Good news: Your weekend moviegoing needs have been simplified. Every Thursday morning, our What To See guide will highlight the new releases opening in New York City and NYC repertory screenings that are most worth your time.
Here's your guide for the weekend of November 13 – November 15.
In a year packed with great female performances, here's a below-the-radar and must-see one from the opposite sex…
James White (2015)
Director: Josh Mond
Stars: Christopher Abbott, Cynthia Nixon, Scott "Kid Cudi" Mescudi, Ron Livingston, Makenzie Leigh
James White greatly rewards patience, albeit in some of the most gut-wrenching and heartbreaking ways possible. Written and directed by Josh Mond (who produced Martha Marcy May Marlene), it's an intimate and deeply personal character study about the titular character (played by Girls castoff Christopher Abbott), a young ruffian whose only directions in life point towards booze, drugs, women, and fistfights in bars. Much of his anger stems from the recent death of his estranged father, who left home at a young age and forced James to solely look after his mother, Gail (Cynthia Nixon), a stage-four cancer patient. As James' life spirals further off course, Gail's condition worsens to the point of hospice. James has to grow up, unusually fast.
In James White's early stages, Mond treats subtlety with a baseball bat's delicateness. He pushes logic aside for heavy-handed sympathy generation, giving Abbott's explosive protagonist the chance to wig out by having his father's second wife's family disrespectfully watch their wedding video in front of a grieving Gail, as if anyone with hearts made of anything but concrete would ever do that. Abbott, fortunately, steers James White around its moments of strained credulity. He's boisterous, combustive, ticking time bomb of a character, but he's also able to switch on the vulnerability in quick bursts, specifically during an intoxicated bender surrounded by his helpless best friend (Kid Cudi) and girlfriend (Makenzie Leigh). Even during the wedding video sequence, Abbott sells the ridiculousness.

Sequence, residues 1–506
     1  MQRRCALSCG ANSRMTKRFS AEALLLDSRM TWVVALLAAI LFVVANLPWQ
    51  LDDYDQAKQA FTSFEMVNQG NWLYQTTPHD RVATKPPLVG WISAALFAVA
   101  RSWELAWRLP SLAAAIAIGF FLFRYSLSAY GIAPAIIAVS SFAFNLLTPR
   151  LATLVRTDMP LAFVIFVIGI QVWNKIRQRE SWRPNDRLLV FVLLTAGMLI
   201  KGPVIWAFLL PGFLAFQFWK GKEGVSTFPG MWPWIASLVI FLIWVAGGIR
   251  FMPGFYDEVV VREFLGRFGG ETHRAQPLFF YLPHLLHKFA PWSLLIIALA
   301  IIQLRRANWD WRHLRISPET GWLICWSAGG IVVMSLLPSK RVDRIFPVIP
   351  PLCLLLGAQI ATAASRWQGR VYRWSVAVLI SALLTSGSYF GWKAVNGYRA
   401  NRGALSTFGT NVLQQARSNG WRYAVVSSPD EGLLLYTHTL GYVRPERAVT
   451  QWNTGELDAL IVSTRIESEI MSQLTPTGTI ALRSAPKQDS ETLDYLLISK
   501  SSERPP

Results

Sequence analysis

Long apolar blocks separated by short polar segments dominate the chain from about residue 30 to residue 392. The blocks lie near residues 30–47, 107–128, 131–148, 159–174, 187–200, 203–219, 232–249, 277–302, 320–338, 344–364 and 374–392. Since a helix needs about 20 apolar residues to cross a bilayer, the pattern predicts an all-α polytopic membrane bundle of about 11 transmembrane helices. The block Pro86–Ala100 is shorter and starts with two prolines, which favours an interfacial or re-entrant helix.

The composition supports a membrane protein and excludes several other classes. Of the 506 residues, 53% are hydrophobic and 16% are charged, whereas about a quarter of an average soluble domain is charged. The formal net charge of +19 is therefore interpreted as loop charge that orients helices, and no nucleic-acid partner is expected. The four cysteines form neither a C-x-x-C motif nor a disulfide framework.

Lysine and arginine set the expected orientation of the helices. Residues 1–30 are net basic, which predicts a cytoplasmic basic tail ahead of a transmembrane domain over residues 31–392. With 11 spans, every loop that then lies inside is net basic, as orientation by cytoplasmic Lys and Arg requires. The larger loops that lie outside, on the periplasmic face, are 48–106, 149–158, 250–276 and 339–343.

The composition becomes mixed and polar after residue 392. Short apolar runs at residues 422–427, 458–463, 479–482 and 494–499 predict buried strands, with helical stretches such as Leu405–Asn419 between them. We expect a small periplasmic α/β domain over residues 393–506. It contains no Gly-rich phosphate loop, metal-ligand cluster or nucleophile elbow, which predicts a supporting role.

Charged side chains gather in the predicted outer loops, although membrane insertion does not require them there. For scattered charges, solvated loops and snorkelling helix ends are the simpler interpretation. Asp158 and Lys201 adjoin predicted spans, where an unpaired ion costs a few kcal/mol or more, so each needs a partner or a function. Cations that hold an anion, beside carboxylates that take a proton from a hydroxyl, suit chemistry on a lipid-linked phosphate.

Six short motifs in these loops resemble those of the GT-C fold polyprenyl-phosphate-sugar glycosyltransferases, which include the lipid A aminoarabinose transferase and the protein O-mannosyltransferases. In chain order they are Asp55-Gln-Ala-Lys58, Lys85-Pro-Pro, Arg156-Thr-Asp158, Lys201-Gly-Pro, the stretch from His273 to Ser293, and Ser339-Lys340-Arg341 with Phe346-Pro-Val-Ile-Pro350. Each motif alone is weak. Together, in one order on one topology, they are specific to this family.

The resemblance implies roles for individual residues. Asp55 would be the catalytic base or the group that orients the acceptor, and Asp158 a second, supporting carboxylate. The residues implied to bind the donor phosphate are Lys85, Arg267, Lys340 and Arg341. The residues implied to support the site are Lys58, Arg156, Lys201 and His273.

So by the time James White settles into its heavily mother-and-son final act, you're powerless against it. Mond's film will hit particularly hard for anyone who's ever been there during a loved one's final days. Nixon gives a beautiful performance that's overwhelmingly fragile near the film's end, and the feelings of personal shame and self-loathing, due to his life's wasted potential, are piercingly delivered through Abbott's eyes. James White's pulls all of that together for one truly pulverizing, heart-shredding scene: James and Gail in her Upper West Side apartment's bathroom, with Gail resting her frail body on James' shoulder as he tells her a fantasy about the two of them living together in Paris with the wife he doesn’t have and the grandchildren she'll never meet. It's seriously devastating.
Where to see it: Landmark Sunshine Cinema
Open minds and left-of-center senses of humor are strictly required…
Director: Rick Alverson
Stars: Gregg Turkington, Tye Sheridan, John C. Reilly, Lotte Verbeek, Michael Cera, Amy Seimetz, Dean Stockwell
Rick Alverson's Entertainment isn't for everyone. Frankly, it's tough to pinpoint who exactly is the audience for Alverson's brutally sardonic, weirdly hilarious, and aggressively surrealistic look at the world’s worst comedian, Neil Hamburger (Gregg Turkington). Hamburger wallows in self-hatred whenever he's not on stage telling mean-spirited and off-putting jokes that'd make Anthony Jeselnik blush. His routines consistently bomb, perhaps due to Hamburger's penchant for disrespecting celebrities alive and dead (Princess Diana catches an especially bad one) and connecting food chains like TGI Friday's to rape. His delivery, a nasally screech that barely resembles a human voice, doesn’t help, either.